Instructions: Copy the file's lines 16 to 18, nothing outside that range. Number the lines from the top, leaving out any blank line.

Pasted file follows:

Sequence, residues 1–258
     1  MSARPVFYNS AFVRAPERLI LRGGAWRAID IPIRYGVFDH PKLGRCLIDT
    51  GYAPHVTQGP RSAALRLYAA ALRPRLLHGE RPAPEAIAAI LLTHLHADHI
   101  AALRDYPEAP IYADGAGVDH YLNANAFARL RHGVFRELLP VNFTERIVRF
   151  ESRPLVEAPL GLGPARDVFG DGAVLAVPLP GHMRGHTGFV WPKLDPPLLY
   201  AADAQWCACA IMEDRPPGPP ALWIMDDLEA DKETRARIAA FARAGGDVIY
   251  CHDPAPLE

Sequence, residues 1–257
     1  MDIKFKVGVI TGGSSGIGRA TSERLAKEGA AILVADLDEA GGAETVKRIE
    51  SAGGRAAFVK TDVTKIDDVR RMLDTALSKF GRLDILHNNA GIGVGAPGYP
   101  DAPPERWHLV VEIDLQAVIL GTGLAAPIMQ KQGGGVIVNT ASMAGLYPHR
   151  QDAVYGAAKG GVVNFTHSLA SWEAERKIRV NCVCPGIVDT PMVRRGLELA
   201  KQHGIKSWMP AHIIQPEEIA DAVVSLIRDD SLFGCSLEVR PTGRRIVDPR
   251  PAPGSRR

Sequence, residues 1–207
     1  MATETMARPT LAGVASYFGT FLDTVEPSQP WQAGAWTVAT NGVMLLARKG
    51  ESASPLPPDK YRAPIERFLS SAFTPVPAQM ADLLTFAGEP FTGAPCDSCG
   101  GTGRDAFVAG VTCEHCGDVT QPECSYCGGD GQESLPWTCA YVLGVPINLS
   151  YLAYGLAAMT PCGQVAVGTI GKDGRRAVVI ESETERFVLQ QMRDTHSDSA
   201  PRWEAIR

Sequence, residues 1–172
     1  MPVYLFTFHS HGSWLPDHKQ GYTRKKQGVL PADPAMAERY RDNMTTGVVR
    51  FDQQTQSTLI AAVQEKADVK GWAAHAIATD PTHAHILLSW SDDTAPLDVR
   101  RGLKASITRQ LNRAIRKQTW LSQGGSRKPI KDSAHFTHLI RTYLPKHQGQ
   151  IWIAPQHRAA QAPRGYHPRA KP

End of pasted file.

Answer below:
     1  MATETMARPT LAGVASYFGT FLDTVEPSQP WQAGAWTVAT NGVMLLARKG
    51  ESASPLPPDK YRAPIERFLS SAFTPVPAQM ADLLTFAGEP FTGAPCDSCG
   101  GTGRDAFVAG VTCEHCGDVT QPECSYCGGD GQESLPWTCA YVLGVPINLS